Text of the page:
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HISTORY OF LITERATURE
 
 


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Mesopotamia: 3rd millennium BC

The earliest uses of writing are strictly practical - lists of commodities, temple accounts, details of a contract. Such documents are short and not too daunting to a Mesopotamian scribe, writing with a reed stylus on a tablet of damp clay. For centuries it seems unthinkable to write down an entire epic poem, familiar to these societies only in the form of recitation.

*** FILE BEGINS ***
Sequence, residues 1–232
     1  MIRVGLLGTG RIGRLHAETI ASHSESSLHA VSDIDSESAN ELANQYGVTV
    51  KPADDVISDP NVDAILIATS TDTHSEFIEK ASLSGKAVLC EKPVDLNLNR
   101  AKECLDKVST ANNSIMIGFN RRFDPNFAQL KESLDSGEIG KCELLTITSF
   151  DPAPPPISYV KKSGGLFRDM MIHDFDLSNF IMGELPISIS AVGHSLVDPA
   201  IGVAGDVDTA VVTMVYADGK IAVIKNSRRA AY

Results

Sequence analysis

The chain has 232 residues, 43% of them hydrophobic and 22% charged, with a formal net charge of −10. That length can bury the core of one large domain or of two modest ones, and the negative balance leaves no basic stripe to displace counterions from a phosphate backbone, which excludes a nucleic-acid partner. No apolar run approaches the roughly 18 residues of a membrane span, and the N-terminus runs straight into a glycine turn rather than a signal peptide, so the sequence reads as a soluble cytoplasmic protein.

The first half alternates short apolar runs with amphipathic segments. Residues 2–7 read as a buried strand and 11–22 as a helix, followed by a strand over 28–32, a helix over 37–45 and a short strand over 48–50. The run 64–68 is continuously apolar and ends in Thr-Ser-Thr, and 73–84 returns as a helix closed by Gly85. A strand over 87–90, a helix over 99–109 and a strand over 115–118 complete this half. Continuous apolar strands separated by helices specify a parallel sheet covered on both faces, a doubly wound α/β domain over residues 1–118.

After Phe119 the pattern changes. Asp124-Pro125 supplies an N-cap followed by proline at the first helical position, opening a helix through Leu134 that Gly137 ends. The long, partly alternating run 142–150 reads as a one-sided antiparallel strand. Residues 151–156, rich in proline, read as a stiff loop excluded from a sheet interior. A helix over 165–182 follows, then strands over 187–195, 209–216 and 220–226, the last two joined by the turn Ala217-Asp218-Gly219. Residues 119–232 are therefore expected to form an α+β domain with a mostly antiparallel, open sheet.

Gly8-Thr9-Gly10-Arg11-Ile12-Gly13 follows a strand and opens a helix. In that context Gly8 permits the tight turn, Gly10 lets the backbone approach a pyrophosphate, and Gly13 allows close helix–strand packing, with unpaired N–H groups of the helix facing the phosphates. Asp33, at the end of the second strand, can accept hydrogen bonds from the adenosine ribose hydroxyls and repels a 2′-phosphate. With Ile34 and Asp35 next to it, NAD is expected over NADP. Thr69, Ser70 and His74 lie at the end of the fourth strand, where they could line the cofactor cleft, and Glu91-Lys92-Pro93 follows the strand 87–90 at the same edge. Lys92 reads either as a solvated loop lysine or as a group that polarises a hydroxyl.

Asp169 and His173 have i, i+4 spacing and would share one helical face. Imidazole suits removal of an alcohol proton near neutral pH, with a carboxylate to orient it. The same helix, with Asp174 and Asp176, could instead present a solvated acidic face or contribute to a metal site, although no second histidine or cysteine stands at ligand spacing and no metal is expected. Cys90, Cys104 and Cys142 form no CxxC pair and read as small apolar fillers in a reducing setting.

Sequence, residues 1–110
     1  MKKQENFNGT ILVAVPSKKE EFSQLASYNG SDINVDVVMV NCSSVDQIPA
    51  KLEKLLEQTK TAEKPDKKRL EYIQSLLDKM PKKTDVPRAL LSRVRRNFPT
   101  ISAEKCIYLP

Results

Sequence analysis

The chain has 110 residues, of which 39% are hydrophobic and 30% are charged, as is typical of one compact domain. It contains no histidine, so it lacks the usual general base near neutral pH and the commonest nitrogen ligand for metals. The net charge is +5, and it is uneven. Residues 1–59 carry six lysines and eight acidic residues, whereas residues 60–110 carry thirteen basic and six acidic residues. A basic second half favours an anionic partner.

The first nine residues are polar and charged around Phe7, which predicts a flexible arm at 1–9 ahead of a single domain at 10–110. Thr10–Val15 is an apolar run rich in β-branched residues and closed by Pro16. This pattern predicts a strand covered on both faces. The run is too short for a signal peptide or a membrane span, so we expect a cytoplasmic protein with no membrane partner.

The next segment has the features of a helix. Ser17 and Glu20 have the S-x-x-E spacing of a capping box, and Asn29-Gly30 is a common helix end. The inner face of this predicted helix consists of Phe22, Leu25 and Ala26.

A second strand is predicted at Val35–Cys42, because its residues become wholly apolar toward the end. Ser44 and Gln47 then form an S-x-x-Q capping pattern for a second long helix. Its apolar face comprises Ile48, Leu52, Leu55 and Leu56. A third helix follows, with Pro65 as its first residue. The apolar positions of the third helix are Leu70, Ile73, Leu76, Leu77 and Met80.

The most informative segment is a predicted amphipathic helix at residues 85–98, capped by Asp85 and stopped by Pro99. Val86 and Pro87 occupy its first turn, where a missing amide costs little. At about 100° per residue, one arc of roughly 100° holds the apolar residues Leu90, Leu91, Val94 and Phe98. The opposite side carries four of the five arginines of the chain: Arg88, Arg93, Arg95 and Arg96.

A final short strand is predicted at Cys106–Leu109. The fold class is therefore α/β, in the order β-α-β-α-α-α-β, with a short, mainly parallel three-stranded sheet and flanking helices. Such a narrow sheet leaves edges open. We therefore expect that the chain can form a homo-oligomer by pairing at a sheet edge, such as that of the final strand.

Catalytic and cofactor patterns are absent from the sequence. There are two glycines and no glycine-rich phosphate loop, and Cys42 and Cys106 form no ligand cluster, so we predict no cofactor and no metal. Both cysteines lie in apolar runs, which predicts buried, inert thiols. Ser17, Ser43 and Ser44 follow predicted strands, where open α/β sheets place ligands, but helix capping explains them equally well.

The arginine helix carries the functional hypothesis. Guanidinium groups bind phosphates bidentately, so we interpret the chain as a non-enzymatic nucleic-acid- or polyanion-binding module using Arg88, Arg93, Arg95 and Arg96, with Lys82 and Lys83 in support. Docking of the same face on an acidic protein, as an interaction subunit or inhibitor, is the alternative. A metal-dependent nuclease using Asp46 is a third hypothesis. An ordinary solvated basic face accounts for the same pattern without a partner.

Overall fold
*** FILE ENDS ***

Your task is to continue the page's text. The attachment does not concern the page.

When writing is first developed, an oral poetic tradition is already a feature of civilized life. Eventually the scribes get round to the task of recording some of this material. Mesopotamia provides the world's two earliest surviving works of literature.
 









They are Enuma Elish and the Epic of Gilgamesh. Both probably date back in their oral form to the middle of the third millennium BC. Both are known from fragments of clay tablets of the second millennium and from more complete texts in the library of Ashurbanipal.

Enuma Elish, a creation story of considerable complexity, is not very rewarding if read as literature. The Epic of Gilgamesh, by contrast, is a masterpiece - worthy of being spoken of in the same context as the Homeric poems. Homer is on a far grander scale, but is more than a millennium later.
 






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